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LIMRA: Many Americans Don't Fully Read Retirement Plan Disclosures

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Two-thirds of Americans with defined contribution plans or IRAs spend less than five minutes examining their retirement plan disclosures, according to a new survey.

LIMRA, Windsor, Conn., published this finding in a summary of results from a poll of Americans.

One in five of the survey participants say they rarely or never read the disclosure paperwork at all. The study also finds that younger plan participants (ages 18-35) are more likely to report reading their disclosures and more likely to reach out to their employer for information about their retirement account than older participants.

“With the implementation of the Department of Labor’s new fee disclosure rule, LIMRA wanted to gauge participant sentiment throughout the process,” says Alison Salka, corporate vice president, LIMRA Retirement Research. “Not surprisingly, almost 9 out of 10 participants either did not know the fees they paid or did not think they paid any fees for their employer-sponsored retirement plans.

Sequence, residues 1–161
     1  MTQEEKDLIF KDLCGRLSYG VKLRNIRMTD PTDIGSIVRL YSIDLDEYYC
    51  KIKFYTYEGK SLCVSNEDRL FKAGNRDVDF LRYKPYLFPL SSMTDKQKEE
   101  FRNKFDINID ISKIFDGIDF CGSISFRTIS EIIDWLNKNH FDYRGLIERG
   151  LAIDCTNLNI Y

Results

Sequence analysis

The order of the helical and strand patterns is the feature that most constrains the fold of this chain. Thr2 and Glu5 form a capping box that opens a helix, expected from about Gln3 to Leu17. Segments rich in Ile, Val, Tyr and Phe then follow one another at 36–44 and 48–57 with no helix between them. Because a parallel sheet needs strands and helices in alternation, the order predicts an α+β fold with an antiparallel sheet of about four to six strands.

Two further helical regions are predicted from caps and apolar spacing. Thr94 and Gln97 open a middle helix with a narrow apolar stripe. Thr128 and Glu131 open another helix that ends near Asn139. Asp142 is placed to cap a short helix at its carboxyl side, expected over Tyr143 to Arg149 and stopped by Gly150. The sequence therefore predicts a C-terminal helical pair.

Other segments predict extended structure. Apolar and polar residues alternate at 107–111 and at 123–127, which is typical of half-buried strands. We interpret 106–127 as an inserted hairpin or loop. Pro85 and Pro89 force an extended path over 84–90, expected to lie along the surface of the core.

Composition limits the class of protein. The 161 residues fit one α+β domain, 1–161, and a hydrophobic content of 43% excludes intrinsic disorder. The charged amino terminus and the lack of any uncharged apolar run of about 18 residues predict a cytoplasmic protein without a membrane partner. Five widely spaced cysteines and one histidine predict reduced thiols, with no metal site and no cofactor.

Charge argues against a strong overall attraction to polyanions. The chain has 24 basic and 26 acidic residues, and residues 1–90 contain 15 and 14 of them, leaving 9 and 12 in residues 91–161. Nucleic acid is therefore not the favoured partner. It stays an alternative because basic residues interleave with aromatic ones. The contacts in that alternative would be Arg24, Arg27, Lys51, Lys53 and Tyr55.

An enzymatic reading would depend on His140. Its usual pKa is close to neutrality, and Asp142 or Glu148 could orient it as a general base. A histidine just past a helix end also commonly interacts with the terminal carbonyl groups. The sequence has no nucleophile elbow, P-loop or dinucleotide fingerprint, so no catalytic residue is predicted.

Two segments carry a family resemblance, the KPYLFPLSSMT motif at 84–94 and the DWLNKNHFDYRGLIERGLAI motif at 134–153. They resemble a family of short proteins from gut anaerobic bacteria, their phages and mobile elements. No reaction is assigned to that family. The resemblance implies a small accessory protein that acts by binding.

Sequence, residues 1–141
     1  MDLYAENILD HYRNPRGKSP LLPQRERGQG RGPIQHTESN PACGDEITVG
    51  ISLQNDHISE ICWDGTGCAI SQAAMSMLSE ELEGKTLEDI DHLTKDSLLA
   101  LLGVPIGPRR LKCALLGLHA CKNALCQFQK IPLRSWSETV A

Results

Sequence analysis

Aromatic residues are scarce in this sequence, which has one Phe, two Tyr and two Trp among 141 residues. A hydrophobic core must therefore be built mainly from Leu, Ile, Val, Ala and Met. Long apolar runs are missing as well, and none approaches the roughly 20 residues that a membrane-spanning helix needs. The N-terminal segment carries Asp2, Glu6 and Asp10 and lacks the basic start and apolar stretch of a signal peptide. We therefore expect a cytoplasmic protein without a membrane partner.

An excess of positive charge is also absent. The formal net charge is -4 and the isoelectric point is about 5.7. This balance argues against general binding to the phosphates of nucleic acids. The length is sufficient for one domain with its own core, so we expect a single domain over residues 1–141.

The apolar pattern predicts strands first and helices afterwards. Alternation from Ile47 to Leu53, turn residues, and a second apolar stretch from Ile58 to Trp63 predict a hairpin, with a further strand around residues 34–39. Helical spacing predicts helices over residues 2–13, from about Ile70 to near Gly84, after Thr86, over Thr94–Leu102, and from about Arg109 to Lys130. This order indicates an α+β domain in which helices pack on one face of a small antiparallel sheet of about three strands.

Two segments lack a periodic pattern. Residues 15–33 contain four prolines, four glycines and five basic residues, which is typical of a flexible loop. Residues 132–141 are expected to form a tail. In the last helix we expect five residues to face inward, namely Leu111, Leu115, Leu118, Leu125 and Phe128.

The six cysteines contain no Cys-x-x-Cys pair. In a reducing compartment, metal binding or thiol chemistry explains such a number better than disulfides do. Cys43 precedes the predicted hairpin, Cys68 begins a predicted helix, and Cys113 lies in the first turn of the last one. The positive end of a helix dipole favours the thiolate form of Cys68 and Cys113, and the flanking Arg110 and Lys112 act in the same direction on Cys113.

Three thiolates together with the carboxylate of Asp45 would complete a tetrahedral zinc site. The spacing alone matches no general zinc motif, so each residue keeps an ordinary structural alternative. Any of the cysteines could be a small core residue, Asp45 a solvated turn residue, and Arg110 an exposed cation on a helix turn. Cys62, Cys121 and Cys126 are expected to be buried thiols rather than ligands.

“As participants are provided more detailed information about their retirement plans’ structure and fees, we are interested to see how they respond,” Salka adds. This survey is part of a series to track consumer knowledge and understanding of the information and the subsequent actions (if any) they take.”

Only 12% of plan participants say they can estimate the amount of fees and expenses they pay on their retirement plan account. Three-quarters of these participants say they believe the fees and expenses are reasonable. Additionally, more than half (56%) of those who estimate the fees and expenses think their fees are more than 2%, which is more than double the all-in median fee for a defined contribution plan participant (based on plans included in a 2011 Investment Company Institute study).

When asked what action they would take if they found out their fees and expenses were higher than average, one-quarter of the participants say they would move their assets into funds with lower fees. One-fifth say they would talk to their employer about trying to lower the fees, but nearly half say they would take no action or don’t know what they would do.

While men are slightly more likely than women to say they would take no action than women (19% vs. 13%), women are more likely to not to know how they would react (36% vs. 26%).

“This study underscores consumers’ lack of understanding about how their retirement plans are administered,” notes Salka. “This offers an opportunity for plan sponsors and providers to educate participants on the value and benefits of the plan.”